"Russell wrote most of the lyrics in that song," says the singer who won't need body armour or body bag at the Palais.

"It's more what he cooked up in his own mind. I'll have to quiz Russell about it."

Although Hawksley likes to keep his songs open ended he confessed that his single Into The Blue was inspired by summer holidays at The Entrance on the NSW Central Coast when he was living in Orange.

"It was about growing up and spending a lot of time on Central Coast where dad was a member of the surf club."

Although his biggest earners are country songs his eclectic roots music is aimed at the mainstream market.

But, like country peers, he is a victim of the insular formats that have killed so many music careers.


"I wrote Count To Three with Melinda Schneider and it was played on high rotation on Pay TV channel CMC," says Hawksley.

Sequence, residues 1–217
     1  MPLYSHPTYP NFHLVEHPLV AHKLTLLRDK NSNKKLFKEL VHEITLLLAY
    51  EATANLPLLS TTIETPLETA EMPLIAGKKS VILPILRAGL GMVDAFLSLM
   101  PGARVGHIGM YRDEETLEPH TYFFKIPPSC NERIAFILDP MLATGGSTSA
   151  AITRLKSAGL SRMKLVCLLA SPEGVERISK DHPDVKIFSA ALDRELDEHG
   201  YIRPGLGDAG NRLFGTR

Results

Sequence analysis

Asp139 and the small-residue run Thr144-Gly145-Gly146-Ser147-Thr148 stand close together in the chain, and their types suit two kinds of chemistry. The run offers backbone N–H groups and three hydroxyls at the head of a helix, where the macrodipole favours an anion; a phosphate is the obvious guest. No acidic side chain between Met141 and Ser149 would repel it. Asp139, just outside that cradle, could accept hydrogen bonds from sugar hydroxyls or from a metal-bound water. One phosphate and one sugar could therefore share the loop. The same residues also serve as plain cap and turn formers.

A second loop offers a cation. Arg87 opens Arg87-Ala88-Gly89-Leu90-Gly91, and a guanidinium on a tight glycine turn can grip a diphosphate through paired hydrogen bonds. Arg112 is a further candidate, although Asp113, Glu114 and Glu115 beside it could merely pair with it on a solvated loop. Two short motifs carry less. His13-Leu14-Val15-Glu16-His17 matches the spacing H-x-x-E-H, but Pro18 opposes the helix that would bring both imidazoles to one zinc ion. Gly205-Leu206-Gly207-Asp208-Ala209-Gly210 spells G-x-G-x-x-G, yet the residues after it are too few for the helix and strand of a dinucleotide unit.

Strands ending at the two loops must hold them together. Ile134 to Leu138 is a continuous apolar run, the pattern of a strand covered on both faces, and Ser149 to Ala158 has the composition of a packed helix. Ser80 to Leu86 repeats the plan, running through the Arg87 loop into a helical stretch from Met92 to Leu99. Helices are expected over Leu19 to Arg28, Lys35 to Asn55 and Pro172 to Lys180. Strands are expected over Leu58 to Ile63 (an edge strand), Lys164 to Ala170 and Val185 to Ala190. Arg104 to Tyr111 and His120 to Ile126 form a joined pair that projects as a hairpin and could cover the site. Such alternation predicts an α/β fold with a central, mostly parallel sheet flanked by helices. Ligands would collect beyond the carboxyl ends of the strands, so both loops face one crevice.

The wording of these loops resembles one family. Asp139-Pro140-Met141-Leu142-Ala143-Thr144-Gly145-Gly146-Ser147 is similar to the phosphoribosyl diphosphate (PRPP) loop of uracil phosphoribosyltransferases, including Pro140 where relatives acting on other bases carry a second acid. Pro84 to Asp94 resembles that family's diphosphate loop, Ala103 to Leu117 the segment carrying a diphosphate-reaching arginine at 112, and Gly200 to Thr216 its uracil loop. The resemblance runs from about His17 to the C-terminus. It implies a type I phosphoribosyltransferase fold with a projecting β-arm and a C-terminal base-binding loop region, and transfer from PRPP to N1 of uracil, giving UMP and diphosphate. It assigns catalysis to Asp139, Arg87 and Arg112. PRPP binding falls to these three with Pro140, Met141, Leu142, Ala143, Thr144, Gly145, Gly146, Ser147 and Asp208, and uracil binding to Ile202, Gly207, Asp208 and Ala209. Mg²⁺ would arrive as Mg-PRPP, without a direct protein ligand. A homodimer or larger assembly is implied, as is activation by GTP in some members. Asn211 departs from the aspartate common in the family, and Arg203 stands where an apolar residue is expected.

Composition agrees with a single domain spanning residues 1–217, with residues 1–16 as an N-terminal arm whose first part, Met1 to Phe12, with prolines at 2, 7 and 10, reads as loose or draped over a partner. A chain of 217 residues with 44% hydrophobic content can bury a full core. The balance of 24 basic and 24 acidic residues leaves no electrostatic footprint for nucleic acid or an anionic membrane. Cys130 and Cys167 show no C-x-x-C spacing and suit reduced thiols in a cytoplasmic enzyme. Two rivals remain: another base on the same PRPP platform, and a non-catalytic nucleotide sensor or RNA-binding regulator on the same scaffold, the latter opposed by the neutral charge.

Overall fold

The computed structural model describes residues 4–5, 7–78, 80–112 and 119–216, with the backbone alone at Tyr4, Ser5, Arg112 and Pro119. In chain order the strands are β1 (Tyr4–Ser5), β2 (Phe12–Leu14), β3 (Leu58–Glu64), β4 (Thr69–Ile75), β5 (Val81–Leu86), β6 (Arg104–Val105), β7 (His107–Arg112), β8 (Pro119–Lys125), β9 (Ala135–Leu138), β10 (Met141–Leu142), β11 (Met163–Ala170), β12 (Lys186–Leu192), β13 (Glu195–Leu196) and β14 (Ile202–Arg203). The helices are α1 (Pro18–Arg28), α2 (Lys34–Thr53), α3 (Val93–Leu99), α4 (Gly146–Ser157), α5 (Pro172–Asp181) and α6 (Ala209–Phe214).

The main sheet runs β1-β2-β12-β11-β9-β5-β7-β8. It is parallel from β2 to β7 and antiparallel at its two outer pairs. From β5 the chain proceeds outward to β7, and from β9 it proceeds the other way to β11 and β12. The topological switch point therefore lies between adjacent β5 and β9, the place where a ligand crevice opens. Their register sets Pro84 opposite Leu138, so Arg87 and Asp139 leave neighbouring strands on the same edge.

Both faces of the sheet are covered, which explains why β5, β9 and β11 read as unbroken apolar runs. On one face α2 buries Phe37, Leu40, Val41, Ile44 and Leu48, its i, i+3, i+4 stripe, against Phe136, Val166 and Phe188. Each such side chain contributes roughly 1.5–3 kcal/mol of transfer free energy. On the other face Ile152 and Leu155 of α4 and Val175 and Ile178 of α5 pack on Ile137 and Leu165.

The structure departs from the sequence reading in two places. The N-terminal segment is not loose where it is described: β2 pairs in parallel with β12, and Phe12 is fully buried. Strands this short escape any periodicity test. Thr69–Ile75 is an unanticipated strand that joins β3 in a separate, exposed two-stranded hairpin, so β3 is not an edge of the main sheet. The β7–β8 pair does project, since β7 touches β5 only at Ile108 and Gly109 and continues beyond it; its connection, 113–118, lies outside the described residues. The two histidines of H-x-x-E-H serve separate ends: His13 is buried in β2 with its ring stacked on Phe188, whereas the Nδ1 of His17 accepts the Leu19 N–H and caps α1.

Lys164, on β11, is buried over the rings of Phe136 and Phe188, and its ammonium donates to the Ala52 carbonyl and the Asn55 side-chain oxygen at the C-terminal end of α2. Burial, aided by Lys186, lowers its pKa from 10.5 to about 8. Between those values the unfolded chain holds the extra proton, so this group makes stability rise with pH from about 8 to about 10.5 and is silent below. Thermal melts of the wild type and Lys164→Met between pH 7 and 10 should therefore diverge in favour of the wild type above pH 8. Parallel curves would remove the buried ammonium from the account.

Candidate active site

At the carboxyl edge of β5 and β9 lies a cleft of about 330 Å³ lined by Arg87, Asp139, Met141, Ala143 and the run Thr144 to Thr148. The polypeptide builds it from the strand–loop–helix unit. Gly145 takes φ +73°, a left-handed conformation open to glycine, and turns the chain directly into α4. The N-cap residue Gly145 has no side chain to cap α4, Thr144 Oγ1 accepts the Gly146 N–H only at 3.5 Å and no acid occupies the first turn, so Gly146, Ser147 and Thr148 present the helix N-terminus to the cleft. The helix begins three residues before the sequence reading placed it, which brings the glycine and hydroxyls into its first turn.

"But the pop radio formats are so narrow - the amount of songs they add is so small. There are so many pop acts from around world up for two add spots a week. You're betting off going in the lottery. But there's lots of passionate people in community radio and that is a huge help to country acts who have to rely on TV. My songs Some Kind Of Miracle and Always were among mine used on Neighbours.

You never know how many people watch Neighbours until your songs are used. People will ring you who, never in your wildest dreams would admit to watching Neighbours. One of them was used in a big wedding scene."


Hawksley has also written with Felicity who is in Victoria with the Feral Swing Katz for Tamworth On Tour.

He wrote Western Lullaby with the Tamworth born singer for her swing album New Shadow and Goodbye for her previous disc Nothing To Hide.

But their collaboration Tomorrow - destined for one of her albums - landed on his new disc.


"I wrote Tomorrow with Felicity with banjo in mind,' Sam revealed.